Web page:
Japan has had so many bear attacks in the past year it’s turning to AI to act as a warning system

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Japan is turning to artificial intelligence to guard against a growing number of bear attacks.

Over 200 people have been injured in the past year by bears and there have been six reported fatalities, according to the Japanese Ministry of Environment. Most of those attacks have come in the Tohoku region of the country—the northern part of Japan’s largest and most populated island. In 2022, some 158 people were attacked.

That’s prompting officials to set up a pilot system in a central region of the country which will use artificial intelligence to send warnings to authorities and hunters when bears are suspected of moving into areas that are close to people. The system will use surveillance cameras from both private security and government operations to gather data—and will also try to predict where bears will go in the following weeks and months.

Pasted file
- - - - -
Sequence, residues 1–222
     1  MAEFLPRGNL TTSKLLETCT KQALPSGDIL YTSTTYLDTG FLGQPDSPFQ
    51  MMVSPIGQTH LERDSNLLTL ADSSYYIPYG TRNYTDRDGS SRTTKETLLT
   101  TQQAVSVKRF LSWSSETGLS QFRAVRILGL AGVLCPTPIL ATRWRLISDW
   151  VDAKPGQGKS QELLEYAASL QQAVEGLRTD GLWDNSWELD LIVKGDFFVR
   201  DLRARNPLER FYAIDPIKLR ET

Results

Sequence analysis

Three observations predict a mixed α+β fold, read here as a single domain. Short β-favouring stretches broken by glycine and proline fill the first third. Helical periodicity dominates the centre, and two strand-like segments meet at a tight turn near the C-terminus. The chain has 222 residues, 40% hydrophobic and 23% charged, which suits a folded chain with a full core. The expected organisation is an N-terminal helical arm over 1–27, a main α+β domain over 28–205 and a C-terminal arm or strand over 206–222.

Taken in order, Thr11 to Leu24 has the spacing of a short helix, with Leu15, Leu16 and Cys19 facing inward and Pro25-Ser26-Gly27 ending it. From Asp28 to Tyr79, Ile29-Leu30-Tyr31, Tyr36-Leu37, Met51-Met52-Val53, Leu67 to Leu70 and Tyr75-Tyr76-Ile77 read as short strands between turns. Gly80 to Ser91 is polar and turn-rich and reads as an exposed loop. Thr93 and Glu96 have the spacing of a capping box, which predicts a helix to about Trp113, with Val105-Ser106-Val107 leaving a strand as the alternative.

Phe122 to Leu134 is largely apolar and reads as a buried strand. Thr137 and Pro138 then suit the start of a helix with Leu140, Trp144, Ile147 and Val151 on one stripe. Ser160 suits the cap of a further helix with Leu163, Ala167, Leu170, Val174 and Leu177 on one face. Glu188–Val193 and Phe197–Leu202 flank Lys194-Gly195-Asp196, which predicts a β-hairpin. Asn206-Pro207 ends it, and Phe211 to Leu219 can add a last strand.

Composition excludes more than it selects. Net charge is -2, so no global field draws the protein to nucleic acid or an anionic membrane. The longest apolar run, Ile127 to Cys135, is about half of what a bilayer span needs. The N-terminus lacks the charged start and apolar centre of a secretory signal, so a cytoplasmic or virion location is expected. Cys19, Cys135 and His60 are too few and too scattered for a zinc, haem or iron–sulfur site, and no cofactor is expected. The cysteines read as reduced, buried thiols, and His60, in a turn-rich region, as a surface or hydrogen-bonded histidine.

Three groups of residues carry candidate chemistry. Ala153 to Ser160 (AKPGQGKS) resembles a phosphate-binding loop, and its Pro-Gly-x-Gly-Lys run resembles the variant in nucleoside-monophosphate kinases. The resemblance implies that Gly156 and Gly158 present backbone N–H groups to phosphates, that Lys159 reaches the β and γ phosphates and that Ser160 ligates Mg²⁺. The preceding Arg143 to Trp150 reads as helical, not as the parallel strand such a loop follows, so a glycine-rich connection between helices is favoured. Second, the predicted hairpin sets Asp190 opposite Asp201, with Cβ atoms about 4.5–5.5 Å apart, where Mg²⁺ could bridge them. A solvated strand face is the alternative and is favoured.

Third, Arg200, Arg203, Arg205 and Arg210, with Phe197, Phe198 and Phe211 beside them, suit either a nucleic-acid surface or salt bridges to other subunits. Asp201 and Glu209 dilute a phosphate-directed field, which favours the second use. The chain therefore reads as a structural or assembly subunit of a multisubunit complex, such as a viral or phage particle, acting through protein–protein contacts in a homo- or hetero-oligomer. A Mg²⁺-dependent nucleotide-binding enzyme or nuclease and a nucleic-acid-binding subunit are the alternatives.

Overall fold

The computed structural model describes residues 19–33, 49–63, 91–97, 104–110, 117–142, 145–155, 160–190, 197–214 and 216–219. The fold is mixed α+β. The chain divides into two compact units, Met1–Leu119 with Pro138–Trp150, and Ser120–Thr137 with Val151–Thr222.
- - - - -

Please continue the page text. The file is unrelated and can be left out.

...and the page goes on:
The trial program will go into action this summer.

A number of factors are to blame for the rising rate of bear attacks. Villages in affected areas have fewer children. The noise kids make has traditionally scared the bears away. Climate change is also impacting the harvest of foods bears prefer, causing them to widen their search area. Bears that are coming out of hibernation in the spring are also more prone to attacking.

Officials are advising people to closely mange their fruit trees and consider installing electronic fences to keep bears out.

Bear attacks in Japan have recently made headlines, with one brown bear attack on a truck being captured by dashcam. The Ussuri brown bear shown in the attack can move at speeds of 31 miles per hours and weights up to more than 660 lbs.

Days before, a pair of brown bears approached a 50-year-old karate practitioner who managed to disperse them with a pair of kicks to the face.

“I thought I should make my move or else I will be killed,” he told a local news outlet.

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